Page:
Three Disciplines That Will Ensure Spiritual Freshness in the Life of a Preacher

Many preachers live under a cloud of discouragement because they don’t see the results that they envisioned for their ministries. John Stott, a British theologian, argues that sometimes the problem is not so much discouragement as it is staleness. There is no preacher who starts off his or her race with the intention of failing.

Three Disciplines That Ensure Preacher Freshness

Many throw in the towel because they have ignored the basic disciplines that would have determined their longevity in proclaiming God’s gospel. Effective preachers are healthy preachers.

Here are three disciplines that will ensure spiritual freshness in your life as a preacher.

1. The Discipline of Rest.

Schedule time off every week. Don’t feel guilty, but remember that Jesus was not always available. Decide to never short change time with your family or friends.

Enjoy having an evening meal with your family.

Take your spouse on dates regularly.

Hang out with your friends.

Some people don’t know how to stop thinking about ministry, so I would also suggest you find a hobby that can get you to disengage totally from work and ministry. Personally, I enjoy nature.

Have at least one friendship that allows you to be you. Friendships are a gift from God. Pursue one!

2. The Discipline of Stewardship.

Paul exhorts the Ephesian church to be imitators of God by saying, “consider carefully how you live, not as unwise but as wise, making the most of the time because the days are evil” (Ephesians 5:16-17). The enemy’s number one tactic is distraction.

If you are not wise with your time, you will not get enough time to diligently study and ponder on what God wants you to say to your people. Here are a few suggestions on how you can live wisely:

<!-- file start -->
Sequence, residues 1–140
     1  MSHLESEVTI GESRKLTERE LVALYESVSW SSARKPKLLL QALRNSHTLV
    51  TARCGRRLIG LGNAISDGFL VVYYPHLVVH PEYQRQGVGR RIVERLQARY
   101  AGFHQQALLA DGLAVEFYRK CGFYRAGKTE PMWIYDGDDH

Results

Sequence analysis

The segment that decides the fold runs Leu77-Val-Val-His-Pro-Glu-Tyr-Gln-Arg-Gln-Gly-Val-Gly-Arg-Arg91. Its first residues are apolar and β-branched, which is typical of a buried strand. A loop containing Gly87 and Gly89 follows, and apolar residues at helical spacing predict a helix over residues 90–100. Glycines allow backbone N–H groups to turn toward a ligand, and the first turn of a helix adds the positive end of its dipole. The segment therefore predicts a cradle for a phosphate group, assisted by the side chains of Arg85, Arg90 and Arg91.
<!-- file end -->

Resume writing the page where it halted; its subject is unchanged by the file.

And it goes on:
• Make a list. Have you ever wrote out a list of things that you wanted to accomplish the next day. Try it. Bring it before the Lord and invite him to help you with it.
  • Have a quiet day each month for specific things that need extra prayer; problems to think through, an article to write, the planning of the next three to six months, etc.

3. The Discipline of Devotions.

  • Scripture reading. It’s a sad fact today that many Christian leaders don’t know the whole bible. If you struggle to stay on task, find apps that read the bible to you. Some might not agree, but I believe it’s okay to use sermon prep as devotional time. We should, in fact, prepare  messages in such a way that they change our lives before we expect them to change others.
  • Prayer: Claim the promises of Psalm 145:18 over your life. Genuinely ask God to speak to you today through His word
  • Meditate: Rick Warren, a pastor at Saddleback church, says that if you know how to worry, you know how to meditate. Worrying is extended thoughts over something you don’t have control over, yet meditating is extended thoughts on the promises of God’s word.
  • Memorize Scripture: Both meditation and memorization store God’s word in man’s heart. It is this word that God uses mainly to speak to us, especially in the matters of staying holy (Psalm 119:11).

To get a further grasp of some of the things I shared, I strongly recommend four books that have helped me tremendously. These are: Problems of Christian Leadership by John Stott, Disciplines of a Godly Man by R. Kent Hughes, Crazy Busy by Kevin De Young and Dangerous Calling by David Paul Tripp.

What other disciplines have you found to be important that keep you fresh? Comment below.